Table 1. Fatty acid composition (in % of total FA) in gonads of Litopenaeus vannamei in different stages of sexual maturation and in nauplii. Mean values.
However, based upon the literature and results obtained in other studies by our group, it can be stated that HUFA play an important role in several other aspects of the reproductive process (e.g., egg fertilization and fecundity) and larval development. For these, dietary HUFA levels of 2 percent are recommended for L. vannamei broodstock diets.
As shown in Fig. 2, levels for vitamin C (ascorbic acid) were high in immature, maturing, and mature ovaries. Levels were much lower in the ovaries of spent females and nauplii. If ovarian vitamin C was transferred to the eggs before spawning, the low naupliar levels suggested the vitamin was consumed during embryology and therefore played a role in egg development and hatching. However, broodstock females may have used vitamin C during stress periods such as the spawning process.
Vitamin E (α-tocopherol) levels were low in immature ovaries, increased substantially during ovarian maturation, and then decreased again upon spawning (Fig. 3). High vitamin E levels were retained in the nauplii.
The accumulation of vitamin E in the ovaries suggested the importance of this vitamin for the process of ovarian maturation. It is known that shrimp broodstock can interrupt the maturation process and return to an immature stage by nutrient reabsorption and oocyte atresia if dietary nutrient levels or body reserves are insufficient to allow accumulation in the ovaries above threshold levels.
The effective transfer of vitamin E to the eggs and conservation of high levels in the nauplii further indicated that vitamin E played an important role during larval development as a constituent of the cell membrane.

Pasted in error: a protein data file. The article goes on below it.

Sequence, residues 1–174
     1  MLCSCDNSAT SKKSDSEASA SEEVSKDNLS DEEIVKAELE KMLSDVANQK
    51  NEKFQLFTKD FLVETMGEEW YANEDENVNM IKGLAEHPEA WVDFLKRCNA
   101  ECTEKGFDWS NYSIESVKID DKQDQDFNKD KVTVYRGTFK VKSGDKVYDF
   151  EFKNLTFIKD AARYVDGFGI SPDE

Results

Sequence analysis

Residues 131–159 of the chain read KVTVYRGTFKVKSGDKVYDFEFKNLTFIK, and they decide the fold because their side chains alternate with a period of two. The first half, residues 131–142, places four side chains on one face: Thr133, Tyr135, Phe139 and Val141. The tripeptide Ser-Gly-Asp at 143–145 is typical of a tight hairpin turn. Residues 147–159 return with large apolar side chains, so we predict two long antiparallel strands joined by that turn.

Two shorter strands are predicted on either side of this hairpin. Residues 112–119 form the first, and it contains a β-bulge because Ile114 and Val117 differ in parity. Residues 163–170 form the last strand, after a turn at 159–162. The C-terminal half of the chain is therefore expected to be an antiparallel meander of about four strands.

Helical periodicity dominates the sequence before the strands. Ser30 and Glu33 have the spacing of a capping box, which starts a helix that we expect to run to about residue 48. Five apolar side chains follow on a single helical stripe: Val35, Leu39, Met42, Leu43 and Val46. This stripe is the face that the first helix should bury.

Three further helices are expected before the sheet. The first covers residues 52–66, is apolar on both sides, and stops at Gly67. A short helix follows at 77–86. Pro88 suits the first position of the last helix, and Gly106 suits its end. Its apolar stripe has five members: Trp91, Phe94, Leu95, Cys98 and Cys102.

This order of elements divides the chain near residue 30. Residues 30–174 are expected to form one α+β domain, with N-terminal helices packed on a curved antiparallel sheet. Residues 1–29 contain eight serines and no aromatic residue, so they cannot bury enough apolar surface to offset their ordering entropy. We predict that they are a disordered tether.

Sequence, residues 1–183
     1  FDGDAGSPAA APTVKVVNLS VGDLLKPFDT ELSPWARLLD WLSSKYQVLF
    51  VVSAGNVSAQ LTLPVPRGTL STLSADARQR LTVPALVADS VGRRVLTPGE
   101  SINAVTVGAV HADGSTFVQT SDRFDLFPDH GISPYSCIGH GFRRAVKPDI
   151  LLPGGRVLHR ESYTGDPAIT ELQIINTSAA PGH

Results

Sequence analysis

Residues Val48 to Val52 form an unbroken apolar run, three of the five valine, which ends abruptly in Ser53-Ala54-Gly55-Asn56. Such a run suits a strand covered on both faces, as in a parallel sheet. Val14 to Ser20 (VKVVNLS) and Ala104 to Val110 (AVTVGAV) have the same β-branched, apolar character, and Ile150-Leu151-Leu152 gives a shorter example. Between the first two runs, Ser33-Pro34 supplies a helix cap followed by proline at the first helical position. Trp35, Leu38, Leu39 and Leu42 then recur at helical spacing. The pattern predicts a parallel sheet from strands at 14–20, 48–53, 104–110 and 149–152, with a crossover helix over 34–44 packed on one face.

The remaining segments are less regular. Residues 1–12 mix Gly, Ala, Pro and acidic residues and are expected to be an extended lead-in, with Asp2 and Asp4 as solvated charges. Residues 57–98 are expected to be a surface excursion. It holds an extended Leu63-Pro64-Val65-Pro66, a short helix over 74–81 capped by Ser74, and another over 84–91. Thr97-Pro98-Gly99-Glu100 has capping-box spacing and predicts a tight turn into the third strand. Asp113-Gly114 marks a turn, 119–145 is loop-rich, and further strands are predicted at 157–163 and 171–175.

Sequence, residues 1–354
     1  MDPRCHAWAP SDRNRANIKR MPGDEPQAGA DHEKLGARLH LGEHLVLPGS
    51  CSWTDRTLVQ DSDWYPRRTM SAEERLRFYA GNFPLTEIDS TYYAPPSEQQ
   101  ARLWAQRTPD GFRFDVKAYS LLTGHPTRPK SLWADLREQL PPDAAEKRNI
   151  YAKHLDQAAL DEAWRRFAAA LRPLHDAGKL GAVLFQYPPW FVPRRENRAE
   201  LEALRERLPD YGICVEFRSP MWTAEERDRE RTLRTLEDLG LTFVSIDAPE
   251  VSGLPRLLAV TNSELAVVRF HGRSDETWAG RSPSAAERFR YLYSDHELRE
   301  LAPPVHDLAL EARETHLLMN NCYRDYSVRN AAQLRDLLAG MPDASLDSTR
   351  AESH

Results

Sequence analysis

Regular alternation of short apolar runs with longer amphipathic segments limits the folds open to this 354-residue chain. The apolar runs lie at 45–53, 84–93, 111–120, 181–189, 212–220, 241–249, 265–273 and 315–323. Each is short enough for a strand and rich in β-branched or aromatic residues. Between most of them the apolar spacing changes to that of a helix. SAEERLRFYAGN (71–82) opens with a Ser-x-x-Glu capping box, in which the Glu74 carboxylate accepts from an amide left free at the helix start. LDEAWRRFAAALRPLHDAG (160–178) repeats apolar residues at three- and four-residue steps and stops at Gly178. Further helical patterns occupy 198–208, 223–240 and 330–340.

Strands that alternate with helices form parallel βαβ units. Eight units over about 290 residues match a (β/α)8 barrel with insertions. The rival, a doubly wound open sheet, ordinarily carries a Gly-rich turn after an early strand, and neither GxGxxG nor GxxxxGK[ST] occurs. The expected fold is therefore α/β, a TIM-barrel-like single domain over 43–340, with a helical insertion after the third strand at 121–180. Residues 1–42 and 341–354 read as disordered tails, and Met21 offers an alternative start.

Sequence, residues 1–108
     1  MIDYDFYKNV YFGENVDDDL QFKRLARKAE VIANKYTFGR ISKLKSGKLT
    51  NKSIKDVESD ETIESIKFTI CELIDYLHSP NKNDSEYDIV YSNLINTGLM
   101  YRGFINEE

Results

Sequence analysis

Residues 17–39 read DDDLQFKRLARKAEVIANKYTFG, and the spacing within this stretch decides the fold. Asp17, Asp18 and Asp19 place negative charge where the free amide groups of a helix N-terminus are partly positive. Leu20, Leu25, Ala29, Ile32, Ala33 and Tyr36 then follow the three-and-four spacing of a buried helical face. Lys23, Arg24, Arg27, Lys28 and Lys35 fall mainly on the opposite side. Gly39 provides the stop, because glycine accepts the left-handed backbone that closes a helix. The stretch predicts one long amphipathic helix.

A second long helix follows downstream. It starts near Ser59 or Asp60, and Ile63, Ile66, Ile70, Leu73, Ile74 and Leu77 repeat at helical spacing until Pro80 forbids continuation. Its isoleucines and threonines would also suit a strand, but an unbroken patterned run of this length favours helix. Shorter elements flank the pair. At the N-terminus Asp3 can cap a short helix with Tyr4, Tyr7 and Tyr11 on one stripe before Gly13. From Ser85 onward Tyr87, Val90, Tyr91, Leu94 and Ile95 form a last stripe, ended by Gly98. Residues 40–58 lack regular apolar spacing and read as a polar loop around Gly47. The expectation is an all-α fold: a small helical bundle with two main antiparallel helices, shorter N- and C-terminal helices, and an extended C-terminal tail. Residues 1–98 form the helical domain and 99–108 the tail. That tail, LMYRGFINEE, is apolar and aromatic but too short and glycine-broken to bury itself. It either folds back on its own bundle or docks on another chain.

One function of vitamins C and E in solution, membranes, and lipoproteins is related to their respective hydrophilic and lipophilic antioxidant properties in protecting cell constituents such as HUFA by scavenging radicals. Furthermore, vitamin C reduces the resulting α-tocopherol radical efficiently to regenerate a-tocopherol. This relationship may be an additional reason why vitamin C levels are low and vitamin E levels are high in nauplii.
The biochemical characterization of wild female broodstock provides baseline data and increases our knowledge on the roles of specific nutrients in shrimp maturation. Based on this information, females rely primarily on immediate dietary intake, as opposed to storage in the hepatopancreas, as a source for nutrients for ovarian development.
HUFA levels of ovaries declined during maturation, suggesting 2 percent HUFA would be adequate for broodstock diets. However, levels of vitamins C (461 milligrams per kilogram) and E (377 milligrams per kilograms) were elevated, suggesting greater dietary requirement.
(Editor’s Note: This article was originally published in the December 2001 print edition of the Global Aquaculture Advocate.)